10. The fiber of claim 7, wherein the method further comprises removing excess polymer solution from the fiber of spirally aligned nanotubes and curing the polymer.
11. The fiber of claim 7, wherein the nanotubes comprise carbon nanotubes.
13. A fiber composite comprising spirally aligned nanotubes and a polymer binder.
14. A fiber composite consisting essentially of spirally aligned nanotubes and a cured polymer binder.
15. An apparatus for preparing a fiber of spirally-aligned nanotubes, comprising a supported array of nanotubes, a shaft, and at least one motor for engaging the shaft to spin the shaft at a controlled angular velocity, the shaft comprising an end for gathering nanotubes from the supported array when the motor engages the shaft and twisting the nanotubes around each other when the shaft spins, the array capable of moving away from the shaft in a controlled direction and at a controlled speed when supported nanotubes detach from array and become part of a fiber of spirally-aligned nanotubes.
This application claims the benefit of U. S. Provisional application Ser. No. 60/620,088 filed Oct. 18, 2004, incorporated by reference herein.
FIELD OF THE INVENTION
The present invention relates generally to preparing fibers and more particularly to a method of spinning long fibers from a supported array of nanotubes.
BACKGROUND OF THE INVENTION
Individual carbon nanotubes (CNTs) are at least one order of magnitude stronger than any other known material. CNTs with perfect atomic structures have a theoretical strength of about 300 GPa . In practice carbon nanotubes do not have perfect structures. However, CNTs that have been prepared have a measured strength of up to about 150 GPa, and the strength may improve upon annealing. For comparison, Kevlar fibers currently used in bullet-proof vests have a strength of only about 3 GPa, and carbon fibers used for making space shuttles and other aerospace structures have strengths of only about 2-5 GPa .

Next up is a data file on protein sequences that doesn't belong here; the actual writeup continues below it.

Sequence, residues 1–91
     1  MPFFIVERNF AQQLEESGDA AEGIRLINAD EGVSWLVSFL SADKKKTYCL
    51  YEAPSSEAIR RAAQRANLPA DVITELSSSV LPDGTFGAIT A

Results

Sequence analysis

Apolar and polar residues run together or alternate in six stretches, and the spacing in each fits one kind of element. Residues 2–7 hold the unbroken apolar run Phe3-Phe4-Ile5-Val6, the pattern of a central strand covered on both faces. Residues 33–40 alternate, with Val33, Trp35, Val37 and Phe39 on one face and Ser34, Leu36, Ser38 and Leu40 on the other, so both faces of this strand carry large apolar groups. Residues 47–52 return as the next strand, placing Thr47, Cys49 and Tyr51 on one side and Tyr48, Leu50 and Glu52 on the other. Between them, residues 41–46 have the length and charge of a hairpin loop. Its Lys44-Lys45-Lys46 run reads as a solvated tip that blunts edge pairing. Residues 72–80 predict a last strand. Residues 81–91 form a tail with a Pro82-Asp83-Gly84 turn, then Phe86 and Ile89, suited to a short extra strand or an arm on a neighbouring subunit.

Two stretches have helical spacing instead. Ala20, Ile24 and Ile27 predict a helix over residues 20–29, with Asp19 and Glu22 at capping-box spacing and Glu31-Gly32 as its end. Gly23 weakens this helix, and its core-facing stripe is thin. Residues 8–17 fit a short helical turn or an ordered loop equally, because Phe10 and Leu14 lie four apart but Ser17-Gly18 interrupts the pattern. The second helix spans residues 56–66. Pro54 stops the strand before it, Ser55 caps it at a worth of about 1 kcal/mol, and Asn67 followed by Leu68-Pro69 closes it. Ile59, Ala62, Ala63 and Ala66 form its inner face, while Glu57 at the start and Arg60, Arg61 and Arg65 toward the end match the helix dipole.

CNTs have to be bonded together in order to structurally utilize their strength. The most common approach has been to mix CNTs with a polymer binder and then spin a CNT composite fiber from the mixture. Thus far, this approach has not been very successful and such fibers are not very strong. Microstructural analysis indicates that the CNTs of these composite fibers are misaligned and/or tangled. This misalignment and entanglement lowers the volume fraction and packing density of the CNTs and the load carrying efficiency of the corresponding composite fiber. The relatively low volume fraction of CNTs in these fibers limits the strength of the composite fiber. One problem with using a polymer to bind CNTs together relates to the weak bonding observed thus far between CNTs and the polymer binder. Controlling the polymer/CNT interface chemically, which many research groups attempt to do, is a nontrivial task. The best carbon nanotube/polymer composite fibers to date have been prepared with a 60 percent volume fraction of CNTs and have a strength of only 1.8 GPa . These composite fibers utilize only about 2 percent of the potential strength of the CNTs, assuming the strength of individual CNT is 150 GPa.